Bonnie darted along along the flagstone floor. Something was not right. The atmosphere of the palace seemed so disconcerting, why was there nobody there to greet her? She scurried up the staircase in the most un-lady like fashion, tapping on Theodore’s bedroom door. Mr Howard glanced at her, his expression pained.
“Miss McGrath, you should probably take today off, his Grace is-” Bonnie gasped, pushing past him. Theodore lay on his back, his sweat drenched hair clinging to his temples. He panted in desperation, in attempt to catch a normal breath. Bonnie placed a hand on his forehead.
“My God! What is going on? His fever is worse than ever, has his physician been called?”
“Yes he is on his way.”
Mr Howard stepped forwards. “I will raise his head, it should help slightly. There now.” He felt his hand and shook his head. “It is always the way, scorching forehead, but the rest of his body is cold.”
“Mr Howard, please fetch a basin of lukewarm water, and for goodness sake, raise him up against his pillows! Here, I will help you. Does he have a fresh night shirt? This one is soaked in sweat.”
“Yes of course, I will get both. Oh and fresh sheets also.”
“Thank you.” Bonnie sighed, stroking Theodore’s cheek. “You may be a very stubborn man, but I do believe that I have grown very fond of you. Don’t give up my dear, not yet.” She sniffed.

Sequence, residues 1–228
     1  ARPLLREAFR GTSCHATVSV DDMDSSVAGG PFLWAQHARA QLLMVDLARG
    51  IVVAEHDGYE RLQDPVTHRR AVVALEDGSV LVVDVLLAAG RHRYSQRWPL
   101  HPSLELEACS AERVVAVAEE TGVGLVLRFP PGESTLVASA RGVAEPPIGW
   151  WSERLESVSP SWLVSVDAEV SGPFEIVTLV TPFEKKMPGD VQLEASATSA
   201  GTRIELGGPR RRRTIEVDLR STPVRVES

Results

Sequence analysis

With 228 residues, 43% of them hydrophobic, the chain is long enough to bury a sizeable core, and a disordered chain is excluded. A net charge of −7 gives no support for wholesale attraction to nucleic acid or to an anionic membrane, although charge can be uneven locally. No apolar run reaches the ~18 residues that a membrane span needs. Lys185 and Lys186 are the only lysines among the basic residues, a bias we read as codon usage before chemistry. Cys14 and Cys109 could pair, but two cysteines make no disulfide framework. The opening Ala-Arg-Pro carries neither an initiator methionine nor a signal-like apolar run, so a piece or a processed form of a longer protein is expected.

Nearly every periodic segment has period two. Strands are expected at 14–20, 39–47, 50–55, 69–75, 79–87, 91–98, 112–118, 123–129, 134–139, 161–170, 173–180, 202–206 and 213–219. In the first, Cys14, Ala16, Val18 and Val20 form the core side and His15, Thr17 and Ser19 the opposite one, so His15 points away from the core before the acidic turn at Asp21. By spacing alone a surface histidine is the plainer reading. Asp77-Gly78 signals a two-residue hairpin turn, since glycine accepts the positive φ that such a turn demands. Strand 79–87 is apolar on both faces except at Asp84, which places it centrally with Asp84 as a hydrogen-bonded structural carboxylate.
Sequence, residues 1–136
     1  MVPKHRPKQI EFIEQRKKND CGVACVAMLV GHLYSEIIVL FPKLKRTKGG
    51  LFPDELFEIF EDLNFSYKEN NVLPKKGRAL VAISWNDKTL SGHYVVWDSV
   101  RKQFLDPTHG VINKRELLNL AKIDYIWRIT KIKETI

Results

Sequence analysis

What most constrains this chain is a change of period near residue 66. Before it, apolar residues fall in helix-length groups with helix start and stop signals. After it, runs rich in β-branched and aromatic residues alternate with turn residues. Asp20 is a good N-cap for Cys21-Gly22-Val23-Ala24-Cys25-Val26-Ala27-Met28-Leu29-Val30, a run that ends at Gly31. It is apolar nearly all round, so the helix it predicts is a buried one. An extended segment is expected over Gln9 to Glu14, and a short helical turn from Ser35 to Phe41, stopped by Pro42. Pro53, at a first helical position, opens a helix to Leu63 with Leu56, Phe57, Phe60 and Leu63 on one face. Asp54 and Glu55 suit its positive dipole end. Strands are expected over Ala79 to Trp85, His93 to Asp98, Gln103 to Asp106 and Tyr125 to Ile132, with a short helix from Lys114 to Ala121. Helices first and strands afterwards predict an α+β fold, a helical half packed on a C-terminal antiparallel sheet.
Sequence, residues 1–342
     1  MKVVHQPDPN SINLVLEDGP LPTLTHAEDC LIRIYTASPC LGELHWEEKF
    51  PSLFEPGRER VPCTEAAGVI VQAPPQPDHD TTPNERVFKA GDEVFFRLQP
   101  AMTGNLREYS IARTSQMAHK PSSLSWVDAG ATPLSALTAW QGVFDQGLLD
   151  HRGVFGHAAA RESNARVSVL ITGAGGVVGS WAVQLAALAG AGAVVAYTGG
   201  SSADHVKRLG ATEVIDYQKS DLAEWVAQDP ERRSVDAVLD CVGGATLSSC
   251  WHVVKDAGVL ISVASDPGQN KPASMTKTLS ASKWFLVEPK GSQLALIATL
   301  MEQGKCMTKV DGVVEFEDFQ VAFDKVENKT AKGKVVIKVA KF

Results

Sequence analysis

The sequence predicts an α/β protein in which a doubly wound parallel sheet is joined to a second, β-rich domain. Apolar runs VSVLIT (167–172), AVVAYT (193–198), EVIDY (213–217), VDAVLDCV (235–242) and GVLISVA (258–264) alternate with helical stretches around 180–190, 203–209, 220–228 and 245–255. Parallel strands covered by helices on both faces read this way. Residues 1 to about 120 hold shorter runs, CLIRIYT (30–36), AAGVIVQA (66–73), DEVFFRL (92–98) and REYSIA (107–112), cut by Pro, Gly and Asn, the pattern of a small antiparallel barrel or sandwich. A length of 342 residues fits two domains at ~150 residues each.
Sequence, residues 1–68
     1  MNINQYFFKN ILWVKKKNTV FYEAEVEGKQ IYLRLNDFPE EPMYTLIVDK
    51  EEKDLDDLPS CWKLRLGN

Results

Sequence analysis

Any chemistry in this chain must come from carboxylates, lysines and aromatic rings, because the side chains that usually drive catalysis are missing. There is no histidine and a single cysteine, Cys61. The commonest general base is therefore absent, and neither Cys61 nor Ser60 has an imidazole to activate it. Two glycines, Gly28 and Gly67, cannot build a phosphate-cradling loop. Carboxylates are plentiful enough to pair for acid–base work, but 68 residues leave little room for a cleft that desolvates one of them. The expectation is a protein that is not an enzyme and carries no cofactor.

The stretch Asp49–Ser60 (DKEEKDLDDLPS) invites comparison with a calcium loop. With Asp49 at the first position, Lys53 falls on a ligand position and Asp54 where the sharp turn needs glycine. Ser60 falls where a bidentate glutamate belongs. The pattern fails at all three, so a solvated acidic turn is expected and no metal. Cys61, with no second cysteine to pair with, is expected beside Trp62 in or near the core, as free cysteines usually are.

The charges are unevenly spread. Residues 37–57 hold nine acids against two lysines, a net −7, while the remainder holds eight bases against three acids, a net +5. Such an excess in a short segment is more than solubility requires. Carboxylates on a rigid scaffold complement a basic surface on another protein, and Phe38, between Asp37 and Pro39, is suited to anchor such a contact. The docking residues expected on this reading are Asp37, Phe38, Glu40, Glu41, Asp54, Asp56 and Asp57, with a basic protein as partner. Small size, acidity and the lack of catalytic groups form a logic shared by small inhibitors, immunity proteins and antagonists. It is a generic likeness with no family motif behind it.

“My that was quick, I’ll step outside the door.”
“I-I may need assistance Miss McGrath, I’ll need you to help me when I sit him forwards, if-if you do not mind that is.”
“Of course not. He shall be covered and it will be far quicker with two of us.”
Bonnie smiled weakly, relieved to be of help. “I do not mind, I helped my Mother to look after my Father when he was ill, so I have some idea what to do.” They removed his old nightshirt, carefully washing his face as Bonnie dabbed it, wiping away the sleep from his eyes. She grasped the towel. “I will dry his top half, I think we should roll him so we can change his bottom sheet. That’s it, now then, push the clean sheet underneath him and roll him to me please. I am glad now that Mother taught me how to do this. There, we shall roll him to you and I shall sort this side.” Bonnie straightened the sheet, tucking in the sides and placing on a new coverlet, satisfied.